Green Space Reduces Risk of Stroke by 16%, Here’s the Explanation – Cheers to those of you who live near green spaces. A new study shows a link between green space and a reduced risk of stroke.

In this new study, reported by Science Alertthe risk of people living near green spaces (within 300 meters) was reduced by 16% to have a stroke.

The data is drawn from a public health care system that includes more than 3.5 million adults in the Catalonia region of Spain. Data was collected throughout 2016 and 2017.

The researchers noted that green space was not a direct cause of reduced stroke risk, but that the two associations were strong enough to warrant further research.

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“This study demonstrates the importance of environmental determinants in stroke risk,” explains neurologist Carla Avellaneda, from IMIM-Hospital del Mar in Barcelona, ​​Spain.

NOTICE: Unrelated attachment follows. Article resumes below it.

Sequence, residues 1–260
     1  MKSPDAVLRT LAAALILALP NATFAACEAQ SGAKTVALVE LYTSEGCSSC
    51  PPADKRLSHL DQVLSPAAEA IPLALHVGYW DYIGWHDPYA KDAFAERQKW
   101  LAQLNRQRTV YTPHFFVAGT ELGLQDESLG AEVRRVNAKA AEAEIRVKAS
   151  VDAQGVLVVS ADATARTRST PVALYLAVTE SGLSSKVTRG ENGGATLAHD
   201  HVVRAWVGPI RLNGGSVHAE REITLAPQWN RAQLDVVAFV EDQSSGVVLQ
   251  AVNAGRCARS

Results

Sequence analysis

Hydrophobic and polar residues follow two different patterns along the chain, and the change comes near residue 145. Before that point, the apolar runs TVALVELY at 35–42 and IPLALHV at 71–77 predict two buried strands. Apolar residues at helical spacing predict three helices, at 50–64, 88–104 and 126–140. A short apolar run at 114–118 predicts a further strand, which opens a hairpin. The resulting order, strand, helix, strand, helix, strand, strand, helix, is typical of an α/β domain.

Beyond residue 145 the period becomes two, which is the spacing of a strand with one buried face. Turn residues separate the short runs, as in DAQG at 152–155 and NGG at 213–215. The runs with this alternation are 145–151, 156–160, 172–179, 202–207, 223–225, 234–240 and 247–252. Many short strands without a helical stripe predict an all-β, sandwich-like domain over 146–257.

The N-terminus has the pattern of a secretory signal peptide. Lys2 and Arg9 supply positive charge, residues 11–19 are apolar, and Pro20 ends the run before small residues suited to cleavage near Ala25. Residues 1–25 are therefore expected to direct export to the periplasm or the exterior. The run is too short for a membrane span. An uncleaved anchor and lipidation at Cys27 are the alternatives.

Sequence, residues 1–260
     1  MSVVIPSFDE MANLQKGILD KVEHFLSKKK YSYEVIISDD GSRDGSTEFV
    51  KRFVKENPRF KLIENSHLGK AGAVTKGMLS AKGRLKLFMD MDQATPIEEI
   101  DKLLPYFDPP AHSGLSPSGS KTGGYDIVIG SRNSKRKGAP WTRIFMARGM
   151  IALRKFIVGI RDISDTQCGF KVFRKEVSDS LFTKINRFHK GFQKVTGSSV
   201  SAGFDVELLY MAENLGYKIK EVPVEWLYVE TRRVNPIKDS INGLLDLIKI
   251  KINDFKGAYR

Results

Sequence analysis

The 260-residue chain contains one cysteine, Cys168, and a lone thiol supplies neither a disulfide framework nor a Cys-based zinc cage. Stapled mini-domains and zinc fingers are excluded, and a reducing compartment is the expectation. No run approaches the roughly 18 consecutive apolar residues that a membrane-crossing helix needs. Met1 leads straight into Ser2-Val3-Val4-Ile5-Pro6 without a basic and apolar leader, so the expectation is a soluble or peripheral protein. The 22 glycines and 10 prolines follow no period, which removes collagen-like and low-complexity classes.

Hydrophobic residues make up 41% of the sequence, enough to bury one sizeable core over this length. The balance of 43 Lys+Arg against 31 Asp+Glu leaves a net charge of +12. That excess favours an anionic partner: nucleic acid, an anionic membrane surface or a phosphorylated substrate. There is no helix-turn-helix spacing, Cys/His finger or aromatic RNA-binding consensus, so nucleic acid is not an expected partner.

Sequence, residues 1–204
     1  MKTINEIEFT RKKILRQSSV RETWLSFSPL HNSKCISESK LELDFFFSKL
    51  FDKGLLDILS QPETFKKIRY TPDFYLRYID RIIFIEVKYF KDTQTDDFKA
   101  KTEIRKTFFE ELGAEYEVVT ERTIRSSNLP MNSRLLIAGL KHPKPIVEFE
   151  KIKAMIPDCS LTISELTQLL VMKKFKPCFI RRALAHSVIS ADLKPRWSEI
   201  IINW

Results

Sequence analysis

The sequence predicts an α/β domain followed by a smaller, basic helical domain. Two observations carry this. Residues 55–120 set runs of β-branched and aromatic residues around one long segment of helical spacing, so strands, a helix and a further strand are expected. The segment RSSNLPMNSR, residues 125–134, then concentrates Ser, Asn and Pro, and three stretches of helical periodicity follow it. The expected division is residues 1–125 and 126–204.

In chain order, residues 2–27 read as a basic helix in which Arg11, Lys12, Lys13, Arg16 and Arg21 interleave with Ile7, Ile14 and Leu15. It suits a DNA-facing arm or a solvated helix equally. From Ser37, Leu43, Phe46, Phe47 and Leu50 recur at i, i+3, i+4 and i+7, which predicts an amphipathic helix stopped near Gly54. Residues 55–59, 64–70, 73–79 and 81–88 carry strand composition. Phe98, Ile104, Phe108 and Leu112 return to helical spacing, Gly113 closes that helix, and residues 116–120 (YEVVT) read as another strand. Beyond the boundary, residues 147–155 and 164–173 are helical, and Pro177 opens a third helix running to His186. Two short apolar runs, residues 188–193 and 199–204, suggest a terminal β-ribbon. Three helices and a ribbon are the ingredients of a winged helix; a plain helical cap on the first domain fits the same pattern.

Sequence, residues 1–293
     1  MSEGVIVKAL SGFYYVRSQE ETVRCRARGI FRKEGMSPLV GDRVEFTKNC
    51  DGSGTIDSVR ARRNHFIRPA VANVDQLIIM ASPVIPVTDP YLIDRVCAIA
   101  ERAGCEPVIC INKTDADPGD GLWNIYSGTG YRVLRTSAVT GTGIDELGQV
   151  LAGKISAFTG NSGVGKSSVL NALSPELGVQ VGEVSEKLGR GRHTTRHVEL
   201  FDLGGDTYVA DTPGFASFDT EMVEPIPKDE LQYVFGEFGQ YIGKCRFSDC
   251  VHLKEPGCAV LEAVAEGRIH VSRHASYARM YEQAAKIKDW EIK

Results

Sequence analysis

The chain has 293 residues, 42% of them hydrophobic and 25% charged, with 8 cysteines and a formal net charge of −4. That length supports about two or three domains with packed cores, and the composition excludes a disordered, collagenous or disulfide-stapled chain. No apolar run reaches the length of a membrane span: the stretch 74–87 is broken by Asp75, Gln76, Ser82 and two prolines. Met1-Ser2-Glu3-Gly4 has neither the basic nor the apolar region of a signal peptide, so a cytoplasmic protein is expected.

Surabaya City Park will be closed to prevent Covid-19 [Foto: Antara]
green space illustration [Foto: Antara]

Green spaces and nature can indeed improve health in several ways, namely by reducing stress, as a means of exercising, and improving mental health.

“There also appears to be some beneficial effect on cerebrovascular disease risk,” he continued.

Cerebrovascular disease includes all diseases of the blood vessels in the brain, especially the arteries of the brain. One of them is a stroke.

According to researchers, there are more factors to consider than just greenery. For example, pollution.

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Previous studies found that high exposure to three air pollutants, namely nitrogen dioxide (NO 2 ), particles below 2.5 microns (PM2.5) and soot particles, was associated with an increased risk of stroke.

So, further research should look into exactly why green spaces in an area seem to play a role in reducing stroke risk for local residents.